Prime Minister Tony Abbott is calling for the Speaker to back down on plans to ban women who cover their faces from sitting in Parliament's main public galleries.
The Speaker and the Senate President will still make the final decision about security arrangements in Parliament House.
But the ABC understands Mr Abbott will tell Bronwyn Bishop that "common sense should prevail" when it comes to public access to Parliament House, including the galleries of the House of Representatives and the Senate.
It is believed Mr Abbott will argue that if people have been appropriately screened on the way into the building, including perhaps being asked to show their face, then they should be allowed to cover their faces and go about the public areas like anyone else.
He regards it is as a "people's house" and believes it should be treated as such.
But Mr Abbott "does not resile" from the fact that the secure or private areas of Parliament House like the ministerial wing require a heightened level of security.
It is understood he would prefer that the identity of visitors to the private areas be checked at the screening point by their faces being uncovered, and then "constantly verified" as they walk around.
This appears to be a step up from the current requirements for someone to temporarily remove their facial coverings at a security screening point.
Two ministers have told the ABC the decision to segregate people with face coverings was a mistake, with one describing it as "incredibly foolish".
A number of backbenchers have backed the sentiment.
The Department of Parliamentary Services (DPS) announced on Thursday: "Persons with facial coverings entering the galleries of the House of Representatives and Senate will be seated in the enclosed galleries.
"This will ensure that persons with facial coverings can continue to enter the chamber galleries without needing to be identifiable."
The enclosed galleries are usually used by visiting school parties.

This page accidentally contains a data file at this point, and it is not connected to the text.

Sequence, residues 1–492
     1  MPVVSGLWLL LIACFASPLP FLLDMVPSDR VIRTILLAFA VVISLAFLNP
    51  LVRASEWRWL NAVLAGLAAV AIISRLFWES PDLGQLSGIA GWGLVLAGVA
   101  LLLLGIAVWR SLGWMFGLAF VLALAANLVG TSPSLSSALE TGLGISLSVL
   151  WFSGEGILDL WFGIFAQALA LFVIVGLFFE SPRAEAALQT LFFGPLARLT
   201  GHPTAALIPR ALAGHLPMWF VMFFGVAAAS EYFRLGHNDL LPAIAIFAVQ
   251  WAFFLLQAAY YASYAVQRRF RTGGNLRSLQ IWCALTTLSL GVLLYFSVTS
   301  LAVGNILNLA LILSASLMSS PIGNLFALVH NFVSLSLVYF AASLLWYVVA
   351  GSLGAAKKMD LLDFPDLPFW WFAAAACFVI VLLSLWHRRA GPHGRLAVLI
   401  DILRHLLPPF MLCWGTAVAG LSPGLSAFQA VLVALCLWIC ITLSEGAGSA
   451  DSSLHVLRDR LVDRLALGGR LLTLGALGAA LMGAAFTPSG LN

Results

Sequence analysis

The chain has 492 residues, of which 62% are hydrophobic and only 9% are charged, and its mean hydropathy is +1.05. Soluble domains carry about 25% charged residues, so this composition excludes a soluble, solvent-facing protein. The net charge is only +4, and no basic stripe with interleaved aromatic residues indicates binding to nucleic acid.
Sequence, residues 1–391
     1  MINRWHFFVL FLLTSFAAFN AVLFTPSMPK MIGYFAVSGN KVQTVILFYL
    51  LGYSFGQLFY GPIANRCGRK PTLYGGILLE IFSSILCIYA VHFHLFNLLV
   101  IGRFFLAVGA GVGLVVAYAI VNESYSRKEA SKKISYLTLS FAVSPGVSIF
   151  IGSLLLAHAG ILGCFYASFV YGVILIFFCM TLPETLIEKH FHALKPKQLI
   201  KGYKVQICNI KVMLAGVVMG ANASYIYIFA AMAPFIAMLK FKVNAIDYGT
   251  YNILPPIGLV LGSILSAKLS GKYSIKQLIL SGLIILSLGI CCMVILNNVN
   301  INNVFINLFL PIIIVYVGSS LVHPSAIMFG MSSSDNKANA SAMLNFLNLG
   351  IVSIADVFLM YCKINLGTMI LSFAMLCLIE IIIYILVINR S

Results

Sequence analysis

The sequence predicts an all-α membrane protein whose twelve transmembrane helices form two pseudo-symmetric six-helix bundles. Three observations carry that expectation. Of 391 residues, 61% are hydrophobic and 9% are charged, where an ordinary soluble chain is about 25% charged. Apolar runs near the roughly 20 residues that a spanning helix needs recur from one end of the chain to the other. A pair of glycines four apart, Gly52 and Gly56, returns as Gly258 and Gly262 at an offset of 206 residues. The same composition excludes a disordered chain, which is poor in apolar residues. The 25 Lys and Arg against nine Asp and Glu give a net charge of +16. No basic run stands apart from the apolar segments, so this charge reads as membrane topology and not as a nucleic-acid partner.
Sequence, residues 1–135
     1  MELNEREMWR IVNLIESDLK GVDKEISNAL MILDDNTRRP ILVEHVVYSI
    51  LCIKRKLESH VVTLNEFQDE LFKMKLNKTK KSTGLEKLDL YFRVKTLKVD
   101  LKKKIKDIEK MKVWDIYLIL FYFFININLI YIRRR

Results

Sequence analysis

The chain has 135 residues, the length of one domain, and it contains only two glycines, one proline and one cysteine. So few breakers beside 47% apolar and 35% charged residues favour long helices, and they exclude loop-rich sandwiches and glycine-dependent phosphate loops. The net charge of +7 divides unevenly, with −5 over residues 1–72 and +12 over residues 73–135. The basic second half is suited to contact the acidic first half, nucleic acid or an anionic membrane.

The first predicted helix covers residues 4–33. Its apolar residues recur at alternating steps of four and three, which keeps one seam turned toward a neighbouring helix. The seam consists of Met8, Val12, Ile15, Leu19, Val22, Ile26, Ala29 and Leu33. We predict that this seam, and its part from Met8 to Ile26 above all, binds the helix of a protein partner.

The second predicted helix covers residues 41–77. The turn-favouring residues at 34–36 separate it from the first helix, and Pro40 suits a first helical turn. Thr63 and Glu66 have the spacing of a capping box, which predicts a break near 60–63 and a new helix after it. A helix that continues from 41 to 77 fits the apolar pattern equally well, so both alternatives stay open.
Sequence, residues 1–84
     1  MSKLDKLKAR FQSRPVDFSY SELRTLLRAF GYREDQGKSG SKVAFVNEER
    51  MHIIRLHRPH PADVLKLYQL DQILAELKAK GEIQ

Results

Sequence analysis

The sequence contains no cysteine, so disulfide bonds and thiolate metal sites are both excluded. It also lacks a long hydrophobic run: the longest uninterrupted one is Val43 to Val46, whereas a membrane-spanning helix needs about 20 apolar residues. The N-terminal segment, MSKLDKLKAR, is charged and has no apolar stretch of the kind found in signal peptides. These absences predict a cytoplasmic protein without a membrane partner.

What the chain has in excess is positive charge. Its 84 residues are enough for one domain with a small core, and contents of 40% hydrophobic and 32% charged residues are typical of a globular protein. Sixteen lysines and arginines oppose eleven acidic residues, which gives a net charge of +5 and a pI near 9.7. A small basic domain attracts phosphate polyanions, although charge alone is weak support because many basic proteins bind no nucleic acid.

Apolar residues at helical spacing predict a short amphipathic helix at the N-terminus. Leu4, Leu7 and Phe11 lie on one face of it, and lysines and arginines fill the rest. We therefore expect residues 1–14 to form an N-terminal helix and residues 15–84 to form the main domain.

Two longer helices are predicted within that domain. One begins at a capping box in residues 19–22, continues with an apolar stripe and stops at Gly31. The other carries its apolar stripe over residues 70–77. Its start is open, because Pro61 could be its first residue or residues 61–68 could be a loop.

Race Discrimination Commissioner Tim Soutphommasane said Mr Abbott's intervention was a welcome development.
"I saw no good reason to be putting Muslim women in burkas or niqabs in a designated glassed area," he said.
"People were genuinely worried that this was going to set a dangerous precedent.
"Once you set off a particular part of public space and say that is where people of a certain background should sit, it can only be a matter of time before others start suggesting that perhaps we should consider parts of our buses or trains, our cafes or restaurants to be set aside for people with a certain background as well.
"That would be a dangerous development."
Shorten accuses PM of following party, 'not leading it'
Opposition Leader Bill Shorten said leaders had a responsibility to act for minorities as well as majorities.
"If we're asking our troops to stand up to sectarianism, intolerance and prejudice overseas, we should be prepared to do the same in our Parliament," he said in a statement.
"People shouldn't be segregated to attend Parliament.
"This divisive debate was allowed to drag on for too long because of the Prime Minister's silence. He is following his party instead of leading it."
Human Rights Commissioner Tim Wilson said the decision to force people to watch from behind a glass screen sent the wrong message.
"Clearly setting up a system where depending on how you manifest your faith you may be facing one type of treatment to another type of treatment ... seems utterly unjustified," he said.
"The Prime Minister himself yesterday (Wednesday) talked about the fact that no-one's even in Parliament House, as far as he's aware, wearing a burka, let alone sitting in the public gallery."
Independent MP Andrew Wilkie likened the rule to "religious apartheid" and said it was "deeply wrong".
Muslim Women's Association chief executive Maha Abdo said a ban on burkas would make some women afraid to leave their homes.
"We are pushing them back into their homes, we're pushing them away from society that we want them to be part of," she said.
She said attacks against women wearing Islamic clothing in Australia were increasing and that the decisions of Muslim women around their dress should be respected.
"If it is, what they're saying, a security threat, explain to us what it is and I'm sure we can work together on that," she said.
Recently senator Cory Bernardi called for burkas to be removed at security checkpoints at Parliament House and senator Jacqui Lambie called for burkas to be banned in public.
On Wednesday, Mr Abbott said he wished the garments "were not worn" in Australia, but indicated he would not support a general ban because Australia was a "free country".